TBC1D24 gene mutations that cause DOORS syndrome are thought to reduce or eliminate the function of the TBC1D24 protein, but the specific mechanism by which loss of TBC1D24 function leads to the signs and symptoms of DOORS syndrome is not well understood.
In about half of affected individuals, no TBC1D24 gene mutation has been identified. The cause of DOORS syndrome in these individuals is unknown.
Read more about the TBC1D24 gene.
How do people inherit DOORS syndrome?
This condition is inherited in an autosomal recessive pattern, which means both copies of the gene in each cell have mutations. The parents of an individual with an autosomal recessive condition each carry one copy of the mutated gene, but they typically do not show signs and symptoms of the condition.
Where can I find information about diagnosis or management of DOORS syndrome?
These resources address the diagnosis or management of DOORS syndrome and may include treatment providers.
You might also find information on the diagnosis or management of DOORS syndrome inEducational resources and Patient support.
General information about the diagnosis and management of genetic conditions is available in the Handbook.
To locate a healthcare provider, see How can I find a genetics professional in my area? in the Handbook.
Where can I find additional information about DOORS syndrome?
You may find the following resources about DOORS syndrome helpful. These materials are written for the general public.
You may also be interested in these resources, which are designed for healthcare professionals and researchers.
What other names do people use for DOORS syndrome?
- autosomal recessive deafness-onychodystrophy syndrome
- deafness-oncychodystrophy-osteodystrophy-intellectual disability syndrome
- deafness, onychodystrophy, osteodystrophy, and mental retardation syndrome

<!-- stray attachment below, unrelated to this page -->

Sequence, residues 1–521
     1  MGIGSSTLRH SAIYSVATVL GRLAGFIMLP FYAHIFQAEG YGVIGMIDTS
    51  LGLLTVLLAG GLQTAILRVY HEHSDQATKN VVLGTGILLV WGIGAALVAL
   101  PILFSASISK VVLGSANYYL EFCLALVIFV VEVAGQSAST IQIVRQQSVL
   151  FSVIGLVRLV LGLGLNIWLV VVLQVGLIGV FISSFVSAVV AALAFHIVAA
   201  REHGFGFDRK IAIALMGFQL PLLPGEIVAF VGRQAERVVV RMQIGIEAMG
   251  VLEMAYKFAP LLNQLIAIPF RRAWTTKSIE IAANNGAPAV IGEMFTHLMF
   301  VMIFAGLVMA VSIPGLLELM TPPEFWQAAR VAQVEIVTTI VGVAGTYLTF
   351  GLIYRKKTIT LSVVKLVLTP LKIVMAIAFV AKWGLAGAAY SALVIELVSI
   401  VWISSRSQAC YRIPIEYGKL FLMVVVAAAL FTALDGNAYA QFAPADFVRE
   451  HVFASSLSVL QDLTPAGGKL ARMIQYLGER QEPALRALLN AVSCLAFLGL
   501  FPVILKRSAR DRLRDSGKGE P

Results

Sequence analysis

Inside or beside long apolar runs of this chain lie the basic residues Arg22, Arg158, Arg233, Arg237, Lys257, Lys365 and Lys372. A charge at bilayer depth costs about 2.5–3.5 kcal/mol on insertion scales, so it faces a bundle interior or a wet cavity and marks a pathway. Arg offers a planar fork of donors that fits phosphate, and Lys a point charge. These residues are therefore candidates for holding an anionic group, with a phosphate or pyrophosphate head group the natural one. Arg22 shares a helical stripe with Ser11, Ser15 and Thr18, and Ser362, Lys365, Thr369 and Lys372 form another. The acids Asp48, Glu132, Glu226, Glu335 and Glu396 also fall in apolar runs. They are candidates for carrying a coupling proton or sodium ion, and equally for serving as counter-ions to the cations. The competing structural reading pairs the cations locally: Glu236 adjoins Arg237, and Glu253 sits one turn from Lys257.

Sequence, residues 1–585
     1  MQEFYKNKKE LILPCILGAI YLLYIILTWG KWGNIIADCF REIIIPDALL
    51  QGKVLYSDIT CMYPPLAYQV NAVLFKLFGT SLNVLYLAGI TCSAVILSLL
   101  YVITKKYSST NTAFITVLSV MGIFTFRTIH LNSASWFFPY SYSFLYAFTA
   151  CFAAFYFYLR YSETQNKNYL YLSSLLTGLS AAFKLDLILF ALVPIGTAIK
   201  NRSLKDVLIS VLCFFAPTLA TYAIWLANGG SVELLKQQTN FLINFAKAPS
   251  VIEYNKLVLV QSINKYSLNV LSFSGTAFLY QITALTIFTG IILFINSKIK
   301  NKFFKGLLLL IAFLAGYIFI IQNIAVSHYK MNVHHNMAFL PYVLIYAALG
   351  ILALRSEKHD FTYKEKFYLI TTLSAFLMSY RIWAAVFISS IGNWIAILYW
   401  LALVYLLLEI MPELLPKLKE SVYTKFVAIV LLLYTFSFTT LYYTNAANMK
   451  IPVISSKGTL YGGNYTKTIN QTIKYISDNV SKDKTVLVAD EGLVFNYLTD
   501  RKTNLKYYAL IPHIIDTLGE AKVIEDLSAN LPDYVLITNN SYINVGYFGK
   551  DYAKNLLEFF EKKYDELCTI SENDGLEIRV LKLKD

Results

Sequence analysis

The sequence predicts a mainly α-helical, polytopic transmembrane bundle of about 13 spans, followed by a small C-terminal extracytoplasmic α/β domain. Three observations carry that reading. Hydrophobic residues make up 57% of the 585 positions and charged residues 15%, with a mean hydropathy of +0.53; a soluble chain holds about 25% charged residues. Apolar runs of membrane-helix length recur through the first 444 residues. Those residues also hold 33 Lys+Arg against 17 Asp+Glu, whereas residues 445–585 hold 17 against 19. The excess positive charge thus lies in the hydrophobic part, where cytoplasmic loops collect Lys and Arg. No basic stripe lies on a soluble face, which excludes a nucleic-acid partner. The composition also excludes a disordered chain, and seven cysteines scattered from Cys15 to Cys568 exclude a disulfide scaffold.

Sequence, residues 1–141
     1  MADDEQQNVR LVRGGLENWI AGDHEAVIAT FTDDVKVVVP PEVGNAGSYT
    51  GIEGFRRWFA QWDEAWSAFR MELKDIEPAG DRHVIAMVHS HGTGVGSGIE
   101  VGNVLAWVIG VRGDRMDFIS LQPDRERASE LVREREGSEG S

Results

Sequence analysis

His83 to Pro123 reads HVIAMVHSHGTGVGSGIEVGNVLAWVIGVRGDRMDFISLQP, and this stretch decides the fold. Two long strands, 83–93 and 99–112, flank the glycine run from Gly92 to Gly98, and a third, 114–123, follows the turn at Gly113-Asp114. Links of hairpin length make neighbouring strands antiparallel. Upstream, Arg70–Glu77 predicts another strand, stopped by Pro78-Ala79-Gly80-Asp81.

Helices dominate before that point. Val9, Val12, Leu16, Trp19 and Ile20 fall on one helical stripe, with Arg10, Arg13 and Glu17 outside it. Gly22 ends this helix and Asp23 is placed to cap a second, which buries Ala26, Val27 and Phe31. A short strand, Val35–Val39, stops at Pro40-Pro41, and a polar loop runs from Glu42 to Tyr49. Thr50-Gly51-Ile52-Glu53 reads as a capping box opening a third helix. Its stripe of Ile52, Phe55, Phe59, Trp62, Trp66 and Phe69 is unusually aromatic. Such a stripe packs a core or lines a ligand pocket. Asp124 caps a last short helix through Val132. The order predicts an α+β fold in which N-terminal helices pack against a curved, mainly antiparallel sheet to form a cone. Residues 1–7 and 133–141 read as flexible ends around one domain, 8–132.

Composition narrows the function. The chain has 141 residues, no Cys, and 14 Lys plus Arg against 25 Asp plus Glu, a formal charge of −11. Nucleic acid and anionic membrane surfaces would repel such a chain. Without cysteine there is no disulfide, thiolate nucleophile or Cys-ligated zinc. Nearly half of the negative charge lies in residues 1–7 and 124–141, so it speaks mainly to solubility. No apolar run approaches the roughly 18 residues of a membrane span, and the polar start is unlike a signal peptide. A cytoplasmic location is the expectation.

- deafness-onychoosteodystrophy-intellectual disability syndrome
- digitorenocerebral syndrome
- DOOR syndrome
- DRC syndrome
- Eronen syndrome
What if I still have specific questions about DOORS syndrome?
Where can I find general information about genetic conditions?
The Handbook provides basic information about genetics in clear language.
- What does it mean if a disorder seems to run in my family?
- What are the different ways in which a genetic condition can be inherited?
- If a genetic disorder runs in my family, what are the chances that my children will have the condition?
- Why are some genetic conditions more common in particular ethnic groups?
These links provide additional genetics resources that may be useful.
What glossary definitions help with understanding DOORS syndrome?
autosomal ; autosomal recessive ; cell ; congenital ; developmental delay ; disability ; free radicals ;frenulum ; gene ; hair cells ; hypothyroidism ; inherited ; joint ; lower jaw ; mental retardation ;microcephaly ; mutation ; oxidative stress ; palate ; prevalence ; protein ; recessive ; seizure ;sensorineural ; status epilepticus ; stress ; syndrome ; thyroid ; thyroid hormones
You may find definitions for these and many other terms in the Genetics Home Reference Glossary.
See also Understanding Medical Terminology.
References (4 links)
The resources on this site should not be used as a substitute for professional medical care or advice. Users seeking information about a personal genetic disease, syndrome, or condition should consult with a qualified healthcare professional. See How can I find a genetics professional in my area? in the Handbook